To meet the requirements of a rapidly evolving market environment and the expectations of different user groups, the demand for the realization of complex business applications by means of state-of-the-art web technologies is continuously growing.
This is precisely why the interest in microservices has been increasing significantly in the past few years. They help to split complex applications into smaller, more controllable components, enabling a clearer separation and thus a more agile approach.
More flexibility through microservices for web front-ends
While microservices have been part of the standard inventory for the back-end for years, allowing for parallel development by several teams, diversity in the technologies used and the flexible use of components of the application, many web front-ends still use a monolithic approach.
Due to the increasing complexity of the applications, the desire to integrate various specific applications into a single end-user application, and due to the short-lived technology stack, using a similar approach for the front-end as for the back-end is advisable.
What is the main advantage of the so-called micro front-ends? Most projects where a complex front-end is being developed are based on a similarly complex back-end, creating a highly heterogeneous project setup. This makes working with a single development team ever more difficult, and the work is often divvied up among several teams. Due to the technical complexity and interdependencies, a monolithic approach in the front-end development often has a negative effect on the system’s maintainability. Micro front-ends allow for the same kind of parallelization and diversity that has long been the standard for the back-end in web development, too.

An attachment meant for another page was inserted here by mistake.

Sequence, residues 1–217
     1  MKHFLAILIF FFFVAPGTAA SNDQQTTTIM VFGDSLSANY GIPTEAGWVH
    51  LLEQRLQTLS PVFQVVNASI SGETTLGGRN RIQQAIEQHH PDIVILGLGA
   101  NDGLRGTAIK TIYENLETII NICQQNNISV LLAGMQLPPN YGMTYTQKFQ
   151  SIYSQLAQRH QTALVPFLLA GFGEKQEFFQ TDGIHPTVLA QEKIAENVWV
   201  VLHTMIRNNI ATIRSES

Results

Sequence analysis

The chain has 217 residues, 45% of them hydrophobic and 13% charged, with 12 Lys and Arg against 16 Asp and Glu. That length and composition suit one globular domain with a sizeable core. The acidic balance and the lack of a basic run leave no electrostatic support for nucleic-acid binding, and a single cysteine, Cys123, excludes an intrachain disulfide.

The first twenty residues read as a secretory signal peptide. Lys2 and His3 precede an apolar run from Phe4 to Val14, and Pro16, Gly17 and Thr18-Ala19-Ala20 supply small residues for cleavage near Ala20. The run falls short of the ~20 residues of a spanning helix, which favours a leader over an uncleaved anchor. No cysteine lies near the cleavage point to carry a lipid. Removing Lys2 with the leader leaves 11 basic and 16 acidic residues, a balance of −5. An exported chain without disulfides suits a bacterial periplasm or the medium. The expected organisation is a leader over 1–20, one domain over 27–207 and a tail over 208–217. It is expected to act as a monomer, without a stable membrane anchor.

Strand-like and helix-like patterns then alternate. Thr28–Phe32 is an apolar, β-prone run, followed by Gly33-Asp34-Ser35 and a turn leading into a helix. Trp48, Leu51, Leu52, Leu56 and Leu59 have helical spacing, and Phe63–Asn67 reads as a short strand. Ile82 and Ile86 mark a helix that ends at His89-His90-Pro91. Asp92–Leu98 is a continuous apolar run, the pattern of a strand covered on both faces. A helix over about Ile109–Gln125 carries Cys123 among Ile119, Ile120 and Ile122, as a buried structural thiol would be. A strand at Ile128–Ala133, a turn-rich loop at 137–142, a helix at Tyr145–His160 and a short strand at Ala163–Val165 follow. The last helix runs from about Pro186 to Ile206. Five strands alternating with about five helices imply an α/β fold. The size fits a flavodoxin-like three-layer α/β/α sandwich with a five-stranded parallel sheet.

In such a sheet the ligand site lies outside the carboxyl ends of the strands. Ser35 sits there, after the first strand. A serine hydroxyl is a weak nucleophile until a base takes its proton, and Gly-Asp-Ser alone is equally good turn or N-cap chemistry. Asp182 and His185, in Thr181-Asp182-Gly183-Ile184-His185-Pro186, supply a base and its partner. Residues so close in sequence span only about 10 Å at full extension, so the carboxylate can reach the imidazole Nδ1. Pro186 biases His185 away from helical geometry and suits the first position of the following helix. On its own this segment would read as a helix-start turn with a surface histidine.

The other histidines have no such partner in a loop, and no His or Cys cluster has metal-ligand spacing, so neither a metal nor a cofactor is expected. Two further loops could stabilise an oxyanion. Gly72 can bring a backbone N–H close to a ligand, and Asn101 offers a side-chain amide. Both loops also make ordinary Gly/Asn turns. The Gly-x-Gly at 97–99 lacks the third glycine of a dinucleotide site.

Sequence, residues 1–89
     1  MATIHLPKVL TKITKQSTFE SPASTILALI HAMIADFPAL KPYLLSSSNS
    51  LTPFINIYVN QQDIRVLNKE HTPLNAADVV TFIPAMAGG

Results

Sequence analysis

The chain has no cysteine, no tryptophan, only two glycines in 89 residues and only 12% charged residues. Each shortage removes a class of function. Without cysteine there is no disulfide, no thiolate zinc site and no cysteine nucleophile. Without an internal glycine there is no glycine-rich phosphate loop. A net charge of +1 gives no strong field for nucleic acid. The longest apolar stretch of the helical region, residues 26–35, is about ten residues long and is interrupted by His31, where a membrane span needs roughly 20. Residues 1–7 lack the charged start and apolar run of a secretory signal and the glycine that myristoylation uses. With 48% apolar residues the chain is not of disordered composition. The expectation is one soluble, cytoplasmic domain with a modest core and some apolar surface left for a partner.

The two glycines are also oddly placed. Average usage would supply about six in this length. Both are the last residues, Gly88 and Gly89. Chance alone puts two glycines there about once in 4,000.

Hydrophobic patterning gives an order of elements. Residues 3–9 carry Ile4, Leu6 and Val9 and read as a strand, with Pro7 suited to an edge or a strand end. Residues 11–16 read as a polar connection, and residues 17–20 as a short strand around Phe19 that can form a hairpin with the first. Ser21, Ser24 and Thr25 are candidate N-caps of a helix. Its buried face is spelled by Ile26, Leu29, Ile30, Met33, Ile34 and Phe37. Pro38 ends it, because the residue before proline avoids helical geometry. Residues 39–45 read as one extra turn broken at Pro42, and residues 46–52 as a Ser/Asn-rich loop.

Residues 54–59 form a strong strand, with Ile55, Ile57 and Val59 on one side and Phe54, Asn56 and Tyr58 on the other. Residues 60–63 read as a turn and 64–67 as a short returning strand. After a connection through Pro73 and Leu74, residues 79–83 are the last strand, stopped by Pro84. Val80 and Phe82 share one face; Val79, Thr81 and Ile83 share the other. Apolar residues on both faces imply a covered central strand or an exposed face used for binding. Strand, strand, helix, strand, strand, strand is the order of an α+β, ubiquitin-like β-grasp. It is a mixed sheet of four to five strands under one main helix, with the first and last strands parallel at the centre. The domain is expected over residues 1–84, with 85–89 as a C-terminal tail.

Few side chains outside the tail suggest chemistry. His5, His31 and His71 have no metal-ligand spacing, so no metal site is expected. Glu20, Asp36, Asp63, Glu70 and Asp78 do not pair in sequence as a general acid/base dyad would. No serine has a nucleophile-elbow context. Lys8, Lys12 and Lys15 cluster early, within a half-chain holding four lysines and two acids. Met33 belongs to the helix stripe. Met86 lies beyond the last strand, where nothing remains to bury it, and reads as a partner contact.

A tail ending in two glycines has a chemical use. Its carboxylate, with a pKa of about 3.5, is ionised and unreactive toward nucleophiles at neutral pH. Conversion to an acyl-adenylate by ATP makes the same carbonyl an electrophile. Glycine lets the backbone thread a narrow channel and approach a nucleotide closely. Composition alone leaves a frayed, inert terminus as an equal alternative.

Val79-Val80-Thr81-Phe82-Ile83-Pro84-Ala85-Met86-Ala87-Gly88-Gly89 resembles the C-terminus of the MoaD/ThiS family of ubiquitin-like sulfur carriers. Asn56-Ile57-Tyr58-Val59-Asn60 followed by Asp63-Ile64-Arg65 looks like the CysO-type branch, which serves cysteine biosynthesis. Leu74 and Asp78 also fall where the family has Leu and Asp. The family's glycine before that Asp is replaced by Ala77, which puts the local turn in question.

This approach aims at splitting the front-end up into several domains. As a result, it can be developed by several teams using different technological approaches. In the case of extensions or modifications, it is not necessary to redeploy the entire front-end, but it is possible to replace individual parts. The goal is for the user to get the impression of a single high-performance application, even though it is based on several different technical systems.
Lecture at online campus event (German only)
In our presentation at the first ZEISS Digital Innovation online campus event, we discuss for whom a monolith may still be profitable, and who should perhaps take a closer look at an architecture that is based on micro front-ends. We go into more or less complex project setups and their respective benefits and drawbacks. We also show the different web technologies that currently exist, which technology is suitable for one’s project, and the different possibilities of implementation.